And so what did he do? He commanded 700,000 people to basically build a tomb for himself in which would stand around his corpse eventually 7000 terracotta soldiers to guard him. It’s very different situation isn’t it from say Psalm 23 – The Lord is my shepherd I shall not want even though I walk through the valley of the shadow of death, I will fear no evil.
The Terracotta Soldiers were built 200BC; Psalm 23 was recorded 1000BC. A very, very great contrast isn’t there?
In this little section of Hebrews, the writer is going to show the secret of not being insecure about the grave and the future.
In verse 10 he deals with shock that someone as great as Jesus would die. “In bringing many sons to glory, it was fitting that God, for whom and through whom everything exists, should make the author of their salvation perfect through suffering”.
Now friends you just can’t imagine how difficult it was for the Jews of the day to believe the Messiah would die. We are pretty used to it – we’ve heard this for a long time – Jesus died – Christ died – we’ve heard this and heard this, but for the Jews, it was a very, very difficult thing. It was bizarre and you could imagine a Jewish uncle sitting with his young nephew who has just become a Christian and saying to him “Listen my boy, we know that if somebody strung up on a tree, someone is put on a cross they are cursed by God and this Jesus you are talking about – he’s gone, he’s gone, and we don’t even see him – don’t put your trust in him – come back to the temple”.
And the Hebrew writer says – No, no, no. God who made everything and who controls everything knew that it was fitting that the work was to be done through Jesus’ suffering. For those of you who are here this morning and you are going through some suffering and you ask yourself the question – “why doesn’t God just remove it all?” well the Biblical answer is he will one day but in the present he greatly uses it, he does wonderful and gracious, loving and powerful things through suffering. In fact, we read in verse 10 “He made Jesus perfect for his role through suffering”.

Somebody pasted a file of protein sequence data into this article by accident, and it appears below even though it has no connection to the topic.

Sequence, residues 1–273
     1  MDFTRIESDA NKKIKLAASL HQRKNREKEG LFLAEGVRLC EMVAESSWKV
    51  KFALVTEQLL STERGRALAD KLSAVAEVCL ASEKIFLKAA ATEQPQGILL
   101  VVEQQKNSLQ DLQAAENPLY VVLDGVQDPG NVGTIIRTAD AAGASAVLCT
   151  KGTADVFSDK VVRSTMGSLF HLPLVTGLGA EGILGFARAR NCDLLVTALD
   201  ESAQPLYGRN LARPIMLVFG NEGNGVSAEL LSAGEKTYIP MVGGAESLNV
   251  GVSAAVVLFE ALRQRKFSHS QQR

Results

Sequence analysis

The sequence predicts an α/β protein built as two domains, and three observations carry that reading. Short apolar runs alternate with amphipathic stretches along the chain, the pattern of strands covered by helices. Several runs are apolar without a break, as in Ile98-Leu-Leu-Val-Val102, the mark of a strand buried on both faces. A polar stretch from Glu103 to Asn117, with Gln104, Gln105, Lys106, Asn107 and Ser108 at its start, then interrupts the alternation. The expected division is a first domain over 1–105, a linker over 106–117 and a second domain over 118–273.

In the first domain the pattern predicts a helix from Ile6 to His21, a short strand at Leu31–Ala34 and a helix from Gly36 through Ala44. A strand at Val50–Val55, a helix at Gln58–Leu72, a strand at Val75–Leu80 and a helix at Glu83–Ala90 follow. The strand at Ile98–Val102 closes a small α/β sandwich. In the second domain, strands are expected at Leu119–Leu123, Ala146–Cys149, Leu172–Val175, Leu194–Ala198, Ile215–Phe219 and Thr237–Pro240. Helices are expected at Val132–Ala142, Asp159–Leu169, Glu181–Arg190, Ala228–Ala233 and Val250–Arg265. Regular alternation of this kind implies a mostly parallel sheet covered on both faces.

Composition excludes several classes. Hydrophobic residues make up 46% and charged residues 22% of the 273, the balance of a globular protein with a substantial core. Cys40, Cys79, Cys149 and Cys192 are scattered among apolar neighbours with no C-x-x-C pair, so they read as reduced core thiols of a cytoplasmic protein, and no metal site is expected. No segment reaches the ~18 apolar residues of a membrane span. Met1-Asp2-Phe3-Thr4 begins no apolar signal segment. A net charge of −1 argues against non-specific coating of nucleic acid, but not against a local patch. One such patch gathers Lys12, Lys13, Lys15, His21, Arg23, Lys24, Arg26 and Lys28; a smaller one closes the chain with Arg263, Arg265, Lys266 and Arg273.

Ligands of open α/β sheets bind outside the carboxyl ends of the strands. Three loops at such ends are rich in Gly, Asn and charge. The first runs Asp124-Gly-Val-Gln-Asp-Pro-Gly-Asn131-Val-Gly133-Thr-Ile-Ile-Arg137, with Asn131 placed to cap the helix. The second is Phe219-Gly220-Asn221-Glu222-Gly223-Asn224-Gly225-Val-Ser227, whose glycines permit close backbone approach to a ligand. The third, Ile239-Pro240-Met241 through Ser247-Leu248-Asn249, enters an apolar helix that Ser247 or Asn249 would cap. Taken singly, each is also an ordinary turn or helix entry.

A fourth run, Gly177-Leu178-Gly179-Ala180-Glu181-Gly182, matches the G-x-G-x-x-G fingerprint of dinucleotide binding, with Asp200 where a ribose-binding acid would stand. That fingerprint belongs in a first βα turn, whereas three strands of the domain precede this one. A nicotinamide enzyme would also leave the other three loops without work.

You see, it says it made Jesus perfect – it doesn’t mean he made Jesus morally perfect – he was morally perfect. It made Jesus vocationally perfect for his role. And I will give you four quick examples before we close.
Firstly, verses 9-10 – through Jesus’ suffering he took the death penalty for us. He himself faced the firing squad of God’s judgment so that we who believe in Him might walk free. That makes him a perfect Saviour and when a person lifts up their prayer to Christ and says ‘would you forgive me, would you save me’? Jesus is able to say ‘I can because I paid it for you and I will’. There is the first great work of God through Christ’s suffering – take the death penalty for his people.
Secondly, verses 11-13 – through suffering Jesus collects a new community. Once people start believing in Jesus, he gathers them to himself and the wonderful thing about Jesus is you see he has come into our sinful world which we have mucked up, he then produces a fantastic salvation, and he draws us into his success at his expense. And so there are some quotes there that remind us that when Jesus did his work, he looked on his people as his children, his brothers. He drew us into his faithful work.
Thirdly, verse 14 – Jesus destroyed the one who can make death terrifying, and that is the devil. He deprived the devil of his boast. The devil could boast, here’s a sinner, the sinner must die, and Jesus took the boast out of the devil’s mouth. He took the keys out of the devil’s hand, and the way he did that was by becoming flesh and blood for us and paying for us so that the devil has nothing more to say. Who has he done this for (verse 16)? He has done it for believers, the children of Abraham.